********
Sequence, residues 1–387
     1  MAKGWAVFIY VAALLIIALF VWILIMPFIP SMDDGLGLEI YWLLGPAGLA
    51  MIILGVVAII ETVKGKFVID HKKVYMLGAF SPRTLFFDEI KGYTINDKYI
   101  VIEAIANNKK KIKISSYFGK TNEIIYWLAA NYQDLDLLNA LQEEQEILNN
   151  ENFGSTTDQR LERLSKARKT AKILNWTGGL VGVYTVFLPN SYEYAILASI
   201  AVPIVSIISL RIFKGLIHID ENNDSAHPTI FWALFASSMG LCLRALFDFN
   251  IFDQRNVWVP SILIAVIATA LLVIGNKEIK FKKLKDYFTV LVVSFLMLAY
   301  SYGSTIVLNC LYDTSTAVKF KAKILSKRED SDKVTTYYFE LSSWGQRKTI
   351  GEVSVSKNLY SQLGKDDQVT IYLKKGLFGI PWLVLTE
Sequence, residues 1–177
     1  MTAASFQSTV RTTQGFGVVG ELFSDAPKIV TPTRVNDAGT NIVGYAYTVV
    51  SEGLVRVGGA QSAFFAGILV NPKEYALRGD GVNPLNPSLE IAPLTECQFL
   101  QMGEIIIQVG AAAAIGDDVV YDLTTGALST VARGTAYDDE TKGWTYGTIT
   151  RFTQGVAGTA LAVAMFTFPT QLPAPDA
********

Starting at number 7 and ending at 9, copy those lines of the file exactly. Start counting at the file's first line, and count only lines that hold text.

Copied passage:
   251  IFDQRNVWVP SILIAVIATA LLVIGNKEIK FKKLKDYFTV LVVSFLMLAY
   301  SYGSTIVLNC LYDTSTAVKF KAKILSKRED SDKVTTYYFE LSSWGQRKTI
   351  GEVSVSKNLY SQLGKDDQVT IYLKKGLFGI PWLVLTE